The store marks the way to my house. They call it the posro. It’s a small square structure, no bigger than ten paces across; a terracotta tiled roof rises like a pyramid. Rice, rye, and red lentils fill tin cans alongside chickpeas, chillies and cumin seeds, purveyed by a gentle, grey-haired man.
The sun’s beating down. I wheel my bike to the store, turn around, take the steel handlebars in my hands, and put one foot on the peddle, the other firmly on the black tarred road. I’ve been struggling to find my balance for a few hours now with little success.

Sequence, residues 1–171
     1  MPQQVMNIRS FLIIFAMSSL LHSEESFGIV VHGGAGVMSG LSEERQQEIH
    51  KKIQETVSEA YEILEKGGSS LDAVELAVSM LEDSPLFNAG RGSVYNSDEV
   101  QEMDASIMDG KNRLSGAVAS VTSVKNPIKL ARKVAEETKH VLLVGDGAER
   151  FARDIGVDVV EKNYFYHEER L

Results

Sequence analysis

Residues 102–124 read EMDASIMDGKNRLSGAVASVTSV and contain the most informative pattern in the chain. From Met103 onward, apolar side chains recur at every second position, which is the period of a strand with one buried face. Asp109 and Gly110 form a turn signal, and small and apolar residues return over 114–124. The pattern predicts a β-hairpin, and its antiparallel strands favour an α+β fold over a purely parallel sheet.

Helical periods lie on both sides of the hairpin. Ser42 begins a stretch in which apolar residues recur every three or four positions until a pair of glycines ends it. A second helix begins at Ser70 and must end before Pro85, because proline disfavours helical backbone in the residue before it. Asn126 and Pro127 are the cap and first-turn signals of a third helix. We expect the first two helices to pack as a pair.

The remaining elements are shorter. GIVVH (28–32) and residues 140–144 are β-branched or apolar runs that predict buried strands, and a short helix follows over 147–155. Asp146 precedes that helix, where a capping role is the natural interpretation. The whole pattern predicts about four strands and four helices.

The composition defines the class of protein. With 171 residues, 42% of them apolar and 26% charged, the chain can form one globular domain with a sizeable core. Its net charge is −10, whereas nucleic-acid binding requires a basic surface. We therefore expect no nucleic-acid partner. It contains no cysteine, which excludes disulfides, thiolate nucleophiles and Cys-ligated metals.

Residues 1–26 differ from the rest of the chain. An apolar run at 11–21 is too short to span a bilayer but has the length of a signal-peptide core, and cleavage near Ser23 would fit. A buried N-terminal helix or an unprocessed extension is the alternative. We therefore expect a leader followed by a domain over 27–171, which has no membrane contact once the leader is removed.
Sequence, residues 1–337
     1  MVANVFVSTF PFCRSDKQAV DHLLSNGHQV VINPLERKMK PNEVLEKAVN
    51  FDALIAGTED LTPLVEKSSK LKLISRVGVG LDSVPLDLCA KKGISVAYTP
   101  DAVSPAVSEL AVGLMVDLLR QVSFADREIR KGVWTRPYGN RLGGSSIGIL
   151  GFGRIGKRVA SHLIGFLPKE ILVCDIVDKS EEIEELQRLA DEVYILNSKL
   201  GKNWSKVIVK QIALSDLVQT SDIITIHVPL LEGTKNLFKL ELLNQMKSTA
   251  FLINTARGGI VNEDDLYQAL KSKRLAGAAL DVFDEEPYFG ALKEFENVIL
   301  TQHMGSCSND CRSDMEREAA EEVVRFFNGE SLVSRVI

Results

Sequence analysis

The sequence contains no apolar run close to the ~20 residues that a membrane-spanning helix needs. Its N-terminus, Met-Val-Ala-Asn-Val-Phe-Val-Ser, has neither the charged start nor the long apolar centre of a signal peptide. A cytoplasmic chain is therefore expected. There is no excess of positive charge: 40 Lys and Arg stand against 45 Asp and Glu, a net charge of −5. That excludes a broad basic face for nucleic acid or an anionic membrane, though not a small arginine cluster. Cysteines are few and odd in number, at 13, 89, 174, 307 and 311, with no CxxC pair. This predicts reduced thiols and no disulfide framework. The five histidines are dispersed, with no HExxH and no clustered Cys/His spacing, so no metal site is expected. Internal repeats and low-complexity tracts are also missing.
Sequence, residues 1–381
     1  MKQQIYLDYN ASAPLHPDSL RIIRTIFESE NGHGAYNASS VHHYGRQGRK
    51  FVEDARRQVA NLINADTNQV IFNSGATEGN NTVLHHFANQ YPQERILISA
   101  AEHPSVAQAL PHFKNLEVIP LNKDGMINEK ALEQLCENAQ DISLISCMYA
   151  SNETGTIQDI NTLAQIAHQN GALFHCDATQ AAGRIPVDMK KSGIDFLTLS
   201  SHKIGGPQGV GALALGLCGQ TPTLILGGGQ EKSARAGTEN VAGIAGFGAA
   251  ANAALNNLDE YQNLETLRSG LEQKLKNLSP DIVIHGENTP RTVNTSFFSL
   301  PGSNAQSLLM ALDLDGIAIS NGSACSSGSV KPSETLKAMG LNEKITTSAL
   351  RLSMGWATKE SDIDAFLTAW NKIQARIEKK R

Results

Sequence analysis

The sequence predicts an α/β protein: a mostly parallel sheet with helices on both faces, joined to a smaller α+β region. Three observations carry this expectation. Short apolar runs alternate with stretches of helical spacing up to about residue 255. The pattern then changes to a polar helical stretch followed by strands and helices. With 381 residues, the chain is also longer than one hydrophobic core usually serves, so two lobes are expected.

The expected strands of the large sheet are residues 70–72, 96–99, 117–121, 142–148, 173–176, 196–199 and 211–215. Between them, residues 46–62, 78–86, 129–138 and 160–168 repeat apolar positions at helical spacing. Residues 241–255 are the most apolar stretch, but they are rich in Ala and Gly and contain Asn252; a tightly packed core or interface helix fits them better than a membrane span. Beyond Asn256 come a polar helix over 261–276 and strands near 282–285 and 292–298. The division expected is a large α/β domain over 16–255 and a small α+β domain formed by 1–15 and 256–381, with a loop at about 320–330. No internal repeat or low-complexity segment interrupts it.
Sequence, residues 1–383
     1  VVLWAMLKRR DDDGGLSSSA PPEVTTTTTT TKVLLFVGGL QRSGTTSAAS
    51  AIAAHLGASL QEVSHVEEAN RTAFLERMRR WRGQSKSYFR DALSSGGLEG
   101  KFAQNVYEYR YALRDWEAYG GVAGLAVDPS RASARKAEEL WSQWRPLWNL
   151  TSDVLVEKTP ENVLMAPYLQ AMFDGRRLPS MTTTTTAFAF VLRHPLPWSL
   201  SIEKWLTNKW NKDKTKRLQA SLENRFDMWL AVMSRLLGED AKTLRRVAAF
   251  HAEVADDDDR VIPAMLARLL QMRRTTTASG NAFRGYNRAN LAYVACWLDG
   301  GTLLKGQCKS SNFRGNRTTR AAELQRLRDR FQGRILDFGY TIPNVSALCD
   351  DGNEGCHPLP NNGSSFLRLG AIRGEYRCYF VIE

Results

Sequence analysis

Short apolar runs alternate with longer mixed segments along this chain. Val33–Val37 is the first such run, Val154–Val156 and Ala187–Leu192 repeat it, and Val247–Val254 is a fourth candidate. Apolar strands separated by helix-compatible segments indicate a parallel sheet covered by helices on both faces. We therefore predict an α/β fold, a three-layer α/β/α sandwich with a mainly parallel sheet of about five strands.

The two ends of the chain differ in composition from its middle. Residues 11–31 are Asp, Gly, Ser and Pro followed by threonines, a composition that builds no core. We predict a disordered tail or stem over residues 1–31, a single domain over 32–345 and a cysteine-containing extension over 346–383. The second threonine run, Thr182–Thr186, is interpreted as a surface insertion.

I focus. The road slopes down before me – a ribbon of freedom for a ten-year-old.
I thrust forward. Gravity does the rest, and I glide down. Slow and wobbly at first. Then pick up speed. The road is now a blur. I’m flying.
Don’t look down or you’ll lose your balance, my father had told me.
Read the full article in the September Issue of the Joao Roque Literary Journal